Food Justice Certified - A New Label For Food
Our values can be fed by our food choices. That’s why that little adhesive label that denudes your bosc pears – the USDA certified organic label – is a reassurance to many of us. It helps us align our produce with our principles regarding soil, seeds, the environment and our health. That little label sets hundreds of standards for the ethical treatment of the land and the food it bears, but not one regarding the treatment of the tens of thousands of people who help grow it. This glaring gap in organic certification birthed a new label to guide our purchases – Food Justice Certified.
Though you may not see this symbol in the produce pyramids at your local market quite yet, products by Food Justice Certified producers include a full range of fruit and vegetables as well as jams, flaxseed, pancake mixes and pies.
The Just Label
The Food Justice Certified label is based on high-bar social justice standards for farms, processors and retailers, including every link in the food chain from seed to table. These standards address collective bargaining for farmworkers, fair pricing for farmers, land rights for indigenous peoples and other issues pivotal to achieving parity in our food system.
“Sometimes it feels that considerations of labor are set aside in the local food movement,” said Jessica Culley, Community Organizer at CATA – The Farmworkers' Support Committee, one of the founding organizations behind Food Justice Certified. “Or, perhaps more likely, that folks assume that the labor conditions are different or better without asking for any sort of verification of those beliefs.”
Yet, as Culley and her colleagues at the New Jersey-based CATA know well, many farmworkers endure sub-standard and sometimes abusive conditions working on farms across the country – even on certified organic or small family operations.
“We all need to realize that the creation of an alternative food system has to include the needs of workers in a measurable way,” Culley cautions. Food Justice Certified is forging this critical process of awareness and activism both here and abroad.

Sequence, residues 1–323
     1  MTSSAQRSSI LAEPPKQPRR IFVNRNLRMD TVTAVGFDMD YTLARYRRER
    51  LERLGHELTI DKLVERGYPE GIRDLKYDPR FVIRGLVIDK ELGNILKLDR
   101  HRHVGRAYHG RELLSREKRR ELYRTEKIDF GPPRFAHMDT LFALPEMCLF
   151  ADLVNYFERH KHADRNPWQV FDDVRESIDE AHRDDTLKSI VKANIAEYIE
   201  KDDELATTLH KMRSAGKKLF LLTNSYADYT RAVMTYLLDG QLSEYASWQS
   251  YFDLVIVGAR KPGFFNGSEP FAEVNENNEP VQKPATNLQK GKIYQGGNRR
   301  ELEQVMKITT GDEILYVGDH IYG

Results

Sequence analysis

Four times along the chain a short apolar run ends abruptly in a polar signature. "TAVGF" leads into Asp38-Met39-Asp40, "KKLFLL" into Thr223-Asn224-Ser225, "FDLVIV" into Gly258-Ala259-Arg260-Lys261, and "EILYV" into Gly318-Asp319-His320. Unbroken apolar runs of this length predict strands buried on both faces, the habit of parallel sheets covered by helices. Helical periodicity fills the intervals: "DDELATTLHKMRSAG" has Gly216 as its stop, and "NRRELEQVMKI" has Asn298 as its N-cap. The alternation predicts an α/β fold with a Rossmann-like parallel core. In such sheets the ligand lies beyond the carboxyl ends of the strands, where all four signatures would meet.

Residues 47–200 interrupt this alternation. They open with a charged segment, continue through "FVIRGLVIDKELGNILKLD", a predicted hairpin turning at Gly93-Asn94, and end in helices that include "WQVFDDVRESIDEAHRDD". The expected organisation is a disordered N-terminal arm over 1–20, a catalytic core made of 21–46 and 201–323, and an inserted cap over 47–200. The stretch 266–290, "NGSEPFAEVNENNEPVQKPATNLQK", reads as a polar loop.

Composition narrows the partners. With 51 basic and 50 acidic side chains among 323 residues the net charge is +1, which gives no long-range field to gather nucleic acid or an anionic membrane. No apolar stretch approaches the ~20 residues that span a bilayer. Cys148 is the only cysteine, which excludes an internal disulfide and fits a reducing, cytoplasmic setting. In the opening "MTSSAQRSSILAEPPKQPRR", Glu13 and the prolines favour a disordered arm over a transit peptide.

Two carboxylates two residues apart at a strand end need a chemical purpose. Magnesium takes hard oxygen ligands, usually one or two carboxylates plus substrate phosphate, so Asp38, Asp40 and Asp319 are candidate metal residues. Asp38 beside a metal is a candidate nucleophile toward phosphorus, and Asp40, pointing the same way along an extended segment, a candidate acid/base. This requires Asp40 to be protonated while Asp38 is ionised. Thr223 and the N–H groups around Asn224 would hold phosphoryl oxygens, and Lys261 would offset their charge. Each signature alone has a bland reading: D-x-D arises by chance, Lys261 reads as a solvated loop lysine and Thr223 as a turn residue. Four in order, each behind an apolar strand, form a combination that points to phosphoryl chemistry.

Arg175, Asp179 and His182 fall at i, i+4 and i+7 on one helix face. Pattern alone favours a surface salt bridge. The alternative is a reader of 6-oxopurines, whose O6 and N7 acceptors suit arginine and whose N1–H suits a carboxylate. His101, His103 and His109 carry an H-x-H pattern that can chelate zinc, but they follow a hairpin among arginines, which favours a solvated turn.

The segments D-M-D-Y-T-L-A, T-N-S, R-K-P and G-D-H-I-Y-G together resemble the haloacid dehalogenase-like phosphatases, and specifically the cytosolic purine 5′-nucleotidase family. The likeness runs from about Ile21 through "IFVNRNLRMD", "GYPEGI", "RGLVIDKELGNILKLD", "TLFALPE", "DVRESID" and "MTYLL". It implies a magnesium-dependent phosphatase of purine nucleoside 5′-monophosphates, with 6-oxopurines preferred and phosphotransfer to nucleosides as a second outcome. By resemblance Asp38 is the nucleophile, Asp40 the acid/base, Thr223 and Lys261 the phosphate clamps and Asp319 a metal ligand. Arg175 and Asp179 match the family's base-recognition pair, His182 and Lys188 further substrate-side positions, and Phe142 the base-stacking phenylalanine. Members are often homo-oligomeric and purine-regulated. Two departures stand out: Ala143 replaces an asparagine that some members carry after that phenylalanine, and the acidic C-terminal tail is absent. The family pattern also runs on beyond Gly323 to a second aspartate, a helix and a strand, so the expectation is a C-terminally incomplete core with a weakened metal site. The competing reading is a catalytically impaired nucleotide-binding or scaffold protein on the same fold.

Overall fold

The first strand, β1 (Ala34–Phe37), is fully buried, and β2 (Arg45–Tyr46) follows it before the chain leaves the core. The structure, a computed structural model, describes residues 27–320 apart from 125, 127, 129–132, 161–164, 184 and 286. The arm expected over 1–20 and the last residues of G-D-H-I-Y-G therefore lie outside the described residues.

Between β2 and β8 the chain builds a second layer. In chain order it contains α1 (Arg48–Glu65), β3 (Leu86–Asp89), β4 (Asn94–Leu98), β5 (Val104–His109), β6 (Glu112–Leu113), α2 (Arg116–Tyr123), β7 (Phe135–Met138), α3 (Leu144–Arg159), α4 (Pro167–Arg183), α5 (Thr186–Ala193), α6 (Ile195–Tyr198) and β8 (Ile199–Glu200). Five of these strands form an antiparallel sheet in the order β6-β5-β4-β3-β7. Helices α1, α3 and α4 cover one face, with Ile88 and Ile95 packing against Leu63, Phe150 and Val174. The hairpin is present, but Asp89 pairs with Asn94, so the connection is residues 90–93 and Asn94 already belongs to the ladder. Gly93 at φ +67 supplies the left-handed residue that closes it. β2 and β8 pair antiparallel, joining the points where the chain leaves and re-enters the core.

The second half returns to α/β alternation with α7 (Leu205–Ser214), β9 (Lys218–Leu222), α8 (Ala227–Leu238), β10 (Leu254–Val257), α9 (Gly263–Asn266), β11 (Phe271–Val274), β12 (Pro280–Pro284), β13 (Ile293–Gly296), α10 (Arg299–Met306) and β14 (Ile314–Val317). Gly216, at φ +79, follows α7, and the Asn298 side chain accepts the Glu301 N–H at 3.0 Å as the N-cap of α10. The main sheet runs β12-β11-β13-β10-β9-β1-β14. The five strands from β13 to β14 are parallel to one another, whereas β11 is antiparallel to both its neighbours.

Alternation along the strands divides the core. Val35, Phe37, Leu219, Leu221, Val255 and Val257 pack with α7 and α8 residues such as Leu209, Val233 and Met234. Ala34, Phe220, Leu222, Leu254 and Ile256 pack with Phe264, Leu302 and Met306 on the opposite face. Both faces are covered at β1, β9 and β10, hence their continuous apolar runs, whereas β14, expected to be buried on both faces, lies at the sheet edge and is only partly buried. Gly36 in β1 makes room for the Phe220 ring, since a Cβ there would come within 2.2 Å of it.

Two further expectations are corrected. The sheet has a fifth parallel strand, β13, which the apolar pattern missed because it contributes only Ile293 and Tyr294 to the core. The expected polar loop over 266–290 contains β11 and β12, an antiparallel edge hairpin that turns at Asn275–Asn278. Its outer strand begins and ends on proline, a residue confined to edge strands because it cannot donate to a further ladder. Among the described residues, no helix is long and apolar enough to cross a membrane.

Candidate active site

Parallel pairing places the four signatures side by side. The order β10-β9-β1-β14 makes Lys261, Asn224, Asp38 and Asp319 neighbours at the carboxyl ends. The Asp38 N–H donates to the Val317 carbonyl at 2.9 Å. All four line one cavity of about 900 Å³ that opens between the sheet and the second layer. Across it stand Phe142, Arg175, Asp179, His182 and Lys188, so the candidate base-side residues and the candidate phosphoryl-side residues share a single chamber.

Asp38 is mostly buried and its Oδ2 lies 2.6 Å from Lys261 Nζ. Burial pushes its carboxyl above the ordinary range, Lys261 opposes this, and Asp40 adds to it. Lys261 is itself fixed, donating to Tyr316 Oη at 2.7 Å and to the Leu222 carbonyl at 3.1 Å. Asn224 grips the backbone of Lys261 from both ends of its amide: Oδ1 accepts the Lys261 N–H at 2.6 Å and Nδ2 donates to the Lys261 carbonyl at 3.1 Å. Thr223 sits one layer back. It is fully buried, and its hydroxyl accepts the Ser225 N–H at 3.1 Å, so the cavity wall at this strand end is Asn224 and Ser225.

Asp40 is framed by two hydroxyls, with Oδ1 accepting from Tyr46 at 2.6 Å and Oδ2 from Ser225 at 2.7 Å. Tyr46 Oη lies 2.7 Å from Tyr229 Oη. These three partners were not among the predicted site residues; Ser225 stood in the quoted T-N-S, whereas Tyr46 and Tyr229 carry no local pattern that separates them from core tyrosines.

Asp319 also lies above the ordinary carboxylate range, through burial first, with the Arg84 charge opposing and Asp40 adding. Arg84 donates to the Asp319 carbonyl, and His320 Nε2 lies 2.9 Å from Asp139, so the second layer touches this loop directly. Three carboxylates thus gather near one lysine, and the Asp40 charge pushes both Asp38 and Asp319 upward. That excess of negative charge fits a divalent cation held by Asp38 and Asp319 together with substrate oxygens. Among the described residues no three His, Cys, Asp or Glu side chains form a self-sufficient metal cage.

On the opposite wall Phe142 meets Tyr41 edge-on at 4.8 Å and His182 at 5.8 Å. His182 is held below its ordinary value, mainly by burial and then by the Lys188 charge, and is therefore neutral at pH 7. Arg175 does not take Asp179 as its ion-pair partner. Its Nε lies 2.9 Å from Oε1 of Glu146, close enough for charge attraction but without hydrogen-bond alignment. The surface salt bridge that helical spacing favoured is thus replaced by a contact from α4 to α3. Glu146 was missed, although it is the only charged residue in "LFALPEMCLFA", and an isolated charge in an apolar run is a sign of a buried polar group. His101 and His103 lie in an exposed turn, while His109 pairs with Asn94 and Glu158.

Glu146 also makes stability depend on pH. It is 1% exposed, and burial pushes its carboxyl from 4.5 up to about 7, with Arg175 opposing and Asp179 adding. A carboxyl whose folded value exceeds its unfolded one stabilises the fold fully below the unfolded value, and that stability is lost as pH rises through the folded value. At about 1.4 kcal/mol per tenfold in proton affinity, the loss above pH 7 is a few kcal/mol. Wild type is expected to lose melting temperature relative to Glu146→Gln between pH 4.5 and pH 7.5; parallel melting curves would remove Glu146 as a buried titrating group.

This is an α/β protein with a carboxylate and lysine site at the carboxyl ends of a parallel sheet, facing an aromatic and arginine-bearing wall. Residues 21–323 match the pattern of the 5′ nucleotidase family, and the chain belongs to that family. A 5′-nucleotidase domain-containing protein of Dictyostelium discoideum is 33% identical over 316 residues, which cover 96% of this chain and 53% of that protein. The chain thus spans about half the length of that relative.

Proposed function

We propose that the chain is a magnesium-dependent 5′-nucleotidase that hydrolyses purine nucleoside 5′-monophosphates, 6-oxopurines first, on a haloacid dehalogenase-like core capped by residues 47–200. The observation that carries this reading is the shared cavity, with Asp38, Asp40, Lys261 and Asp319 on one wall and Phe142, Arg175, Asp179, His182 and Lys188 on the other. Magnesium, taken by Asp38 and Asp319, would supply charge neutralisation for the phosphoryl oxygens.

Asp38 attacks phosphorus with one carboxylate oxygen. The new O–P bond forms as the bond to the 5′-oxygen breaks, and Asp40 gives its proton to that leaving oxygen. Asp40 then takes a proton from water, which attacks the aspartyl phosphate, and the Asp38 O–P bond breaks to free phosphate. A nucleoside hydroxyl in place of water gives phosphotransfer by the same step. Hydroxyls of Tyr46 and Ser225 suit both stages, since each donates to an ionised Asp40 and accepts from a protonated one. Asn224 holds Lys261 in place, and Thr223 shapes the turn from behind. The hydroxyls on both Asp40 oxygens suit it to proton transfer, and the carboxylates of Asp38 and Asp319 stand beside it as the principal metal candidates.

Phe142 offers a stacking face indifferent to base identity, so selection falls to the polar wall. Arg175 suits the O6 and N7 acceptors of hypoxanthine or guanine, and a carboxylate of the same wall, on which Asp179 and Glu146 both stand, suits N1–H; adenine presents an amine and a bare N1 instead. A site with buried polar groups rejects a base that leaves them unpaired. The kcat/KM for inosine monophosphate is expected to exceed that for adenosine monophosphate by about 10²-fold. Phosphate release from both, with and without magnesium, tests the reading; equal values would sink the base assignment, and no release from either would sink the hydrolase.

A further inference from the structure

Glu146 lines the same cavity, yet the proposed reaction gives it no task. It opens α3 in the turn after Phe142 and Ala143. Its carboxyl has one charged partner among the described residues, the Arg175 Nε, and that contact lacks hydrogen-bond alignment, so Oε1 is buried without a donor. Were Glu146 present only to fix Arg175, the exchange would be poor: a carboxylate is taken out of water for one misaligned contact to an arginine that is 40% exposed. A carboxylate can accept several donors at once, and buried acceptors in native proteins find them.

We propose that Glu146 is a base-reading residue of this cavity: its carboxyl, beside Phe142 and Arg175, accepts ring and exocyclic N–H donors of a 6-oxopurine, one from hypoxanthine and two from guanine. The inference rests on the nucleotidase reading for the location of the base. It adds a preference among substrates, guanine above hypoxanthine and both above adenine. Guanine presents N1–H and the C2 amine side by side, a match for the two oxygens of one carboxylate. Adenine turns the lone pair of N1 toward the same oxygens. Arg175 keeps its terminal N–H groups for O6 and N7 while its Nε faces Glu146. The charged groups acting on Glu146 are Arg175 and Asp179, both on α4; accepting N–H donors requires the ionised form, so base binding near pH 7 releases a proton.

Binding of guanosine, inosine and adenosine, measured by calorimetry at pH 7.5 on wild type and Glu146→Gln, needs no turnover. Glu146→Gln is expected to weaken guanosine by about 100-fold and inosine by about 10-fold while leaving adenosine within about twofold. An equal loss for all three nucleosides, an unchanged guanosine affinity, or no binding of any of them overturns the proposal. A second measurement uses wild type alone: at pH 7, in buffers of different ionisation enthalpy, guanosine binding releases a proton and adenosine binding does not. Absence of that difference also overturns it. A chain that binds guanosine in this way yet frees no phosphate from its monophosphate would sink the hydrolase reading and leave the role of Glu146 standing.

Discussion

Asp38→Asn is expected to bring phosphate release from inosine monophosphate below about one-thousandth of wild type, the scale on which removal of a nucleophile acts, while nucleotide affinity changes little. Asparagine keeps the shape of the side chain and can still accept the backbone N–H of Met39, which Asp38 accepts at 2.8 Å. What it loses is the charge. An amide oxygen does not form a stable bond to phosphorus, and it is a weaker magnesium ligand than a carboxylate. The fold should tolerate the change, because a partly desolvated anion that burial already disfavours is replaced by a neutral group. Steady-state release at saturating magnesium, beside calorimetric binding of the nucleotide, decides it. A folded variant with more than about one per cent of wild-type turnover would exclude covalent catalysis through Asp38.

Who Stripped the Equity from Organic?
Food Justice Certified is the brainchild of the Agricultural Justice Project (AJP). A group of organizers founded AJP in response to the absence of equity guidelines in the USDA’s groundbreaking 1999 National Organic Standards program. The USDA had made a valiant effort to coalesce the varied regional and state-sanctioned organic growing guidelines into one national standard, but neglected to do the same for social justice principles.
This disconnect between sustainable agriculture and social justice was a relatively new one. The term organic had been used to signify sustainable growing methods as early as the 1940s. As the movement grew through the 1960s and 1970s, most practitioners recognized issues like fair pricing and labor as central to what it means to be organic.
“In international organic standards… and in the practices of groups like NOFA before the advent of the national organic program, we did have standards and principles about treating the people involved in the organic food chain fairly,” says Elizabeth Henderson of Peacework Organic Farm in Newark, New York, a cofounder of the Agricultural Justice Project. When social justice advocates appealed to the agency, she said, “The USDA replied in no uncertain terms that this is not in our purview.”
The USDA’s response evoked a call to action. Michael Sligh of the Rural Advancement Foundation International (RAFI – USA), Richard Mandelbaum of Comité de Apoyo a los Trabajadores Agrícolas/Farmworker Support Committee (CATA), Marty Mesh of Florida Organic Growers (FOG) and Henderson established the Agricultural Justice Project. Their objective: to develop standards for the fair and just treatment of the people involved in organic and sustainable agriculture – standards that formed the foundation of Food Justice Certified.